Mobile technology has helped employers squeeze more productivity out of their employees, but all those hours of work while technically off the clock leaves them open to lawsuits over unpaid overtime, experts warn.
Overtime pay is governed by different standards across Canada. In Ontario, for example, it must be paid for any work in excess of 44 hours per week. There are exceptions for managerial roles and those in professions like medicine, the law and accounting, but for the most part, employees are legally entitled to excess pay for excess work.
Legal experts say when an employer gives a smartphone to an employee and then allows them to perform work duties outside the office during regular hours, that's tantamount to asking for overtime to be performed.
"Employers are liable for this unpaid overtime and there's been increasing awareness among employees about how they are being exploited often in these circumstances," labour lawyer Douglas Elliot says.
Elliot is a senior partner with Roy, Elliot & O'Connor law firm in Toronto. He's heading up two huge class-action lawsuits on the issue in Canada. He's helping 5,000 Scotiabank employees claiming $350 million in unpaid overtime work from their employer. And he heads up a similar suit against CIBC on behalf of 31,000 workers suing for $600 million in unpaid work.
While mobile technology has made for some huge leaps in terms of worker productivity, not all of those effects have been universally positive. An online survey conducted in May by California-based software company Good Technology found that more than two thirds of respondents check their work email before 8 a.m., with the average first log-on coming at 7:09 in the morning.
Even more admitted that they don't go to sleep without first checking their email.
"Those are some pretty good examples of how that access to data … is extending the work day," the company's senior vice-president John Herrema says. One of the key findings of the survey, he said, was that respondents were working on average about seven extra hours per week — almost a traditional full day of work, every week.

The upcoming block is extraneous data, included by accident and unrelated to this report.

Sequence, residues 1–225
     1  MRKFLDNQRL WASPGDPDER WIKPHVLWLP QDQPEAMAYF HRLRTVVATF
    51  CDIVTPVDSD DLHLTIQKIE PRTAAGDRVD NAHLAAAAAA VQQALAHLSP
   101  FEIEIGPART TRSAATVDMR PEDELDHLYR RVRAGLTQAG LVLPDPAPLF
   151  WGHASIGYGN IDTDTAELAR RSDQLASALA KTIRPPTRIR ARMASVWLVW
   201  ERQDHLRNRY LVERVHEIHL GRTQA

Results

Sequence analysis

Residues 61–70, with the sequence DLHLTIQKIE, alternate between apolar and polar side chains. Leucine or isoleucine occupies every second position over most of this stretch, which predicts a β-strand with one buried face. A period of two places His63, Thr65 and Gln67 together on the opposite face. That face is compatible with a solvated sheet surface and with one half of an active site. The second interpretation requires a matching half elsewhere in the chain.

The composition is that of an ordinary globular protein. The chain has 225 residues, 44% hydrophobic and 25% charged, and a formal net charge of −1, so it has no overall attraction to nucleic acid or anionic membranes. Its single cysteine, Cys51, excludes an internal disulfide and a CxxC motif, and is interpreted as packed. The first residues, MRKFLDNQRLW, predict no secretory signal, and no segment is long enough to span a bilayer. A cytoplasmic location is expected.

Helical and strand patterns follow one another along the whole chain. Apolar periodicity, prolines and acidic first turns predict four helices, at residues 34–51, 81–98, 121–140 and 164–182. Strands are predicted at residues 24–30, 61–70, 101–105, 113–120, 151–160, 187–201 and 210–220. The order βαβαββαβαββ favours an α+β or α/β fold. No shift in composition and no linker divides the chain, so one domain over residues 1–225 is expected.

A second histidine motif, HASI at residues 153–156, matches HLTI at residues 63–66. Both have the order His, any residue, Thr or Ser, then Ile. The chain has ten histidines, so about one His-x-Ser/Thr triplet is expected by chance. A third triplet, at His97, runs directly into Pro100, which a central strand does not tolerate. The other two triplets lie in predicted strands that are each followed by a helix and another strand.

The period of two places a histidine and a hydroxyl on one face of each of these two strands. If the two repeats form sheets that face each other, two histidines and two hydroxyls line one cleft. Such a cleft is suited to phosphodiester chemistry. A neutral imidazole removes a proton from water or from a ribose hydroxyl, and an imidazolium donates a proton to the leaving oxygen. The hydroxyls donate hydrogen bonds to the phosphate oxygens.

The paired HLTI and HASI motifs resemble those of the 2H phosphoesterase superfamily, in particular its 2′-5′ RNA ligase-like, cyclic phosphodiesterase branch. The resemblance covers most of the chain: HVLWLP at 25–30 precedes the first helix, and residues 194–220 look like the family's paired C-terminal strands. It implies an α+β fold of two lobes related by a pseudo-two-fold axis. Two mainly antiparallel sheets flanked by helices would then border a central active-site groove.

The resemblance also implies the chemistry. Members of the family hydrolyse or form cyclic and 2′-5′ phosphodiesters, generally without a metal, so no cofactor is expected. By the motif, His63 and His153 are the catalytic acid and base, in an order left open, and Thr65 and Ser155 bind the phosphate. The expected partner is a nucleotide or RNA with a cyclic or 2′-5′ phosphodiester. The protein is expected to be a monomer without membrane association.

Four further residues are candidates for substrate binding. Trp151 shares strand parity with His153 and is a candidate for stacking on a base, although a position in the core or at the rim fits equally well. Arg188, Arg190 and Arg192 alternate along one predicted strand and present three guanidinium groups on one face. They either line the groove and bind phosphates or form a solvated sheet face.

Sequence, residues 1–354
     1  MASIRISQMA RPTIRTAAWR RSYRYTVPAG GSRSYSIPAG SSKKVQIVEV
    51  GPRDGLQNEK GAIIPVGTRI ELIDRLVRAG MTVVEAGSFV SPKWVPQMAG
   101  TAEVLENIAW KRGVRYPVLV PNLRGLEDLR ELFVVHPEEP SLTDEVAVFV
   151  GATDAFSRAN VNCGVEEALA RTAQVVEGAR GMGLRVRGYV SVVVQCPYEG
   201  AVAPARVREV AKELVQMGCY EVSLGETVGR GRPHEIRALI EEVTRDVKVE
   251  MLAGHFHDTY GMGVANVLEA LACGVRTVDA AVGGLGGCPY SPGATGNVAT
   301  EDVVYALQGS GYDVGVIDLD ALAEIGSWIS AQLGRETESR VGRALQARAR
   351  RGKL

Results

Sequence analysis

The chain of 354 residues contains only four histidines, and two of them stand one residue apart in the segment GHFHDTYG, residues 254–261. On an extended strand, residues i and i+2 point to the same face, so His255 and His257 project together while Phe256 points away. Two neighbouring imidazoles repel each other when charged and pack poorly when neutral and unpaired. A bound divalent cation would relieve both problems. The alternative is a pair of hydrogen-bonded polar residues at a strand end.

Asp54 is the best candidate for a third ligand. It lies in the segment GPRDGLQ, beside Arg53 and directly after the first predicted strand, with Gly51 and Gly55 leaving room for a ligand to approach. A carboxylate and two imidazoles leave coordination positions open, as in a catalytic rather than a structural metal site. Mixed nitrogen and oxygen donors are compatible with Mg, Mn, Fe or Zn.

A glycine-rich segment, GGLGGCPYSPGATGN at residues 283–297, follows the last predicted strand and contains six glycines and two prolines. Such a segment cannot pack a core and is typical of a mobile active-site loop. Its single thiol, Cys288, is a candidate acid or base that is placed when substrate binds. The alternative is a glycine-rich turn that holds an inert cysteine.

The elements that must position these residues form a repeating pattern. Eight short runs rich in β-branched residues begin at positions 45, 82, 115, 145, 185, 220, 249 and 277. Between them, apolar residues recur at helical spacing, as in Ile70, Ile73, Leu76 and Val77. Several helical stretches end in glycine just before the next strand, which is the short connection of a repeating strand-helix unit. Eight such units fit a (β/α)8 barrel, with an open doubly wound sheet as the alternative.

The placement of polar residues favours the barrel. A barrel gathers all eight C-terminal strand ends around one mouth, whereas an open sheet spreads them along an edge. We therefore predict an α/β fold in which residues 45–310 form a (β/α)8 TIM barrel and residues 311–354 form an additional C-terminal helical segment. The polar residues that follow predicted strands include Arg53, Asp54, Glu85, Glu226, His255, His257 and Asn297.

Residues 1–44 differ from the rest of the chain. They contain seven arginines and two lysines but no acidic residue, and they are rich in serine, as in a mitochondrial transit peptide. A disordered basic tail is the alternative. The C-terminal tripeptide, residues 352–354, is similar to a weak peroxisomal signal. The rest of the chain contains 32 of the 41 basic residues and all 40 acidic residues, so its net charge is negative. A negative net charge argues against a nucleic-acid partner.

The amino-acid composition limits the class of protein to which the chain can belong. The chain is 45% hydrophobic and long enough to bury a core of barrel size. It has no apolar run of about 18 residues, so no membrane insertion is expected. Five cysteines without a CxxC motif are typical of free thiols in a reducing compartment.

Those findings echo the results of another academic survey. Linda Duxbury is a professor in Carleton University's business school. For the last decade, the school has surveyed workers who are given access to smartphones and watch how it impacts their workloads and stress levels.
"We haven't had a defined work week for several decades now," Duxbury says. "These mobile phones [psychologically] take you to work even when you're physically not at work."
Plugged-in workers are certainly getting more done. But not always being paid more for it. And that leaves their employers liable if they should ever try to rectify that.
That's why some companies have already moved to address the issue.
In 2011, German carmaker Volkswagen decided to block emails from company-issued smartphones 30 minutes after their shift ends. The phones only become unblocked when the next shift begins.
In December, the government of Brazil passed a law stating that employees who answer work-related emails on their phones after hours are entitled to overtime, under the assumption that an email to a worker is equal to an order to work from a superior.
And in 2010, Chicago police officer Jeffrey Allen filed a class action suit on behalf of the city's police force after they were issued smartphones.
So far, there don't appear to be any Canadian overtime lawsuits that hinge specifically on smartphone use. But they're clearly a factor in one way, Elliot notes. They provide a ready-made electronic trail of evidence when it comes time to build a case about unpaid work. "It's indisputable," he says. "You can look at the electronic record and determine the truth."
The smartphone argument has yet to gain much traction in Canada, but Elliot has a simple piece of advice for any company looking to protect itself from future legal actions over unpaid overtime.
"They should pay people for their overtime," he says. "That's the way to protect yourself."